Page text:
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If a buck you are tracking becomes aware of your presence, he will run ahead to a pocket of cover and then watch his back trail for you before going out the other side. You can often fool a buck by circling a patch of cover and ambushing the buck when he slips out the back side of the cover.
Dreaming about becoming a hunting guide? Here's a little advice: before you head out and mortgage your house, tell the boss to take a hike and risk your marriage, ask yourself what your favorite food is, the food you crave above and beyond all other food. Now ask yourself if you're willing to watch everyone else eat that food while you, responsible for cooking the meal, have to stand by and watch. On the other hand, the rising mortgage, no job security and marriage aside, complaining about being a guide is like sitting on a pot of gold and whining about your sore rear end.
If hunting along a fence row, tie a fence area down. Since deer take paths of the least resistance, bucks will jump over the tied down part. This will enable you to ambush him at the location you want.
A black bear can be lured into range by a hunter using a fawn/calf-in-distress call. The Lohman Circle call is used by many experienced bear callers. Start calling loudly to simulate a fawn in distress, and then tone down the call when the predatory bear gets within one hundred yards.
If an elk responds to your bugle but won't come all the way in to your calling, try sneaking close to his position on the downwind side and then bugling. Elk are territorial. A bull that was content to answer a distant competitor may stomp forward to rout an adversary that suddenly calls from nearby.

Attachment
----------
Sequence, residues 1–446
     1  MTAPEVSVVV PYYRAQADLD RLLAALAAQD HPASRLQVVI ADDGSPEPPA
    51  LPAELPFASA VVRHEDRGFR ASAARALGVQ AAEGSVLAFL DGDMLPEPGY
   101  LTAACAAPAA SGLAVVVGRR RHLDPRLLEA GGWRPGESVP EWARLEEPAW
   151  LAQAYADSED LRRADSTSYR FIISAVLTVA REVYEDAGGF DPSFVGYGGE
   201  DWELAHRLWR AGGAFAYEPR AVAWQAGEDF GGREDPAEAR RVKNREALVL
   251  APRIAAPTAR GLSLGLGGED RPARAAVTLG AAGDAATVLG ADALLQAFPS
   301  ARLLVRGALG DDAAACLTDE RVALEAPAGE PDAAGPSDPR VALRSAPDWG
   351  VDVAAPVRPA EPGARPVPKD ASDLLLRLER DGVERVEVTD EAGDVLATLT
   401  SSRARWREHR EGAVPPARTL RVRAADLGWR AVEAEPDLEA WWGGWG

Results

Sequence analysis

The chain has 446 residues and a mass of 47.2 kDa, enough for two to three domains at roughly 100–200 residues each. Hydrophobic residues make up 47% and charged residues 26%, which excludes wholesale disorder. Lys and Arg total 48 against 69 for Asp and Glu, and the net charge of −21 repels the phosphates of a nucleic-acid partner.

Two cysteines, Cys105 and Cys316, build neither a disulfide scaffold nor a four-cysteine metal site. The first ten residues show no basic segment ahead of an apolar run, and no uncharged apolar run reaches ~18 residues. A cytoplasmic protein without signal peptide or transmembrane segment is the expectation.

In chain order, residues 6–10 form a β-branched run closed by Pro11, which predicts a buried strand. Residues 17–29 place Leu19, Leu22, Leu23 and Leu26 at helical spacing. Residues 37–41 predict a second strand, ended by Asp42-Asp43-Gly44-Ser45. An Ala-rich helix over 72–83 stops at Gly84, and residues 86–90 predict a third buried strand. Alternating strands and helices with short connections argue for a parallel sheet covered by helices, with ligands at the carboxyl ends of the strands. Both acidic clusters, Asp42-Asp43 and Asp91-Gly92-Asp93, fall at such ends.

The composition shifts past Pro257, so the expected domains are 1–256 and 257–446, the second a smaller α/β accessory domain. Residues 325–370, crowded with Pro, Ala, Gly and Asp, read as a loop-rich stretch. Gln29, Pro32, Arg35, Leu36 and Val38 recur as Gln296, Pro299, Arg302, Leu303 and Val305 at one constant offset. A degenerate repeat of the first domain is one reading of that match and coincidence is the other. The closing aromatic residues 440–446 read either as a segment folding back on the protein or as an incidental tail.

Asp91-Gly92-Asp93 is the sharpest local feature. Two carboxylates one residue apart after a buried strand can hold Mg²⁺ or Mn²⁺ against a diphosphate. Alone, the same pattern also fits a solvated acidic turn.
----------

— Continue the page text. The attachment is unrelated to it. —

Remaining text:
Wear dark soled boots. When sitting in the woods deer sometimes spot the light colored soles of boots first.
The best hunts these days are generally not the "purchase the tag over the counter" variety that hunters have become so used to in decades past. The best hunts now-a-days are often the "limited entry" type where the hunter has to submit an application to a drawing process months in advance of the hunt. These limited entry hunts may be the best, but they can be as complicated to apply for and understand as anti-trust tax law. Do yourself a favor and write or phone Garth Carter. Garth owns "Hunting Services, Inc." tel: (435) 386-1020, and publishes "The Huntin' Fool's Guide to Western Big Game Hunting," a newsletter that will lead you by the hand through the complicated process of applying for limited entry hunting tags.
Buck or Doe? One of hunting’s most endearing debates centers on whether or not hunters can distinguish buck tracks from doe tracks. A fistful of tips should help tip the odds in your favor. First, concentrate on the width of the track rather than the length or overall size; invariably, buck tracks are wider than does. Second, the space between the rear tracks of bucks will be proportionately narrower than the front (the opposite is true of does). Reason being, bucks are more barrel-chested, while does are wider at the hips to bear offspring. Hand third, buck tracks are more blunt than doe tracks, presumably from extra scraping and pawing activity triggered by the rut. A final clue is the way bucks tend to drag their feet and swagger slightly, whereas does walk pigeon-toed and more upright. Incidentally, you’re looking at a whale of a buck if the rear tracks do not come close to overlapping the front tracks in the animal’s normal gait. Simply stated, a big buck is noticeably longer than does and adolescent bucks and it shows up in his stride.

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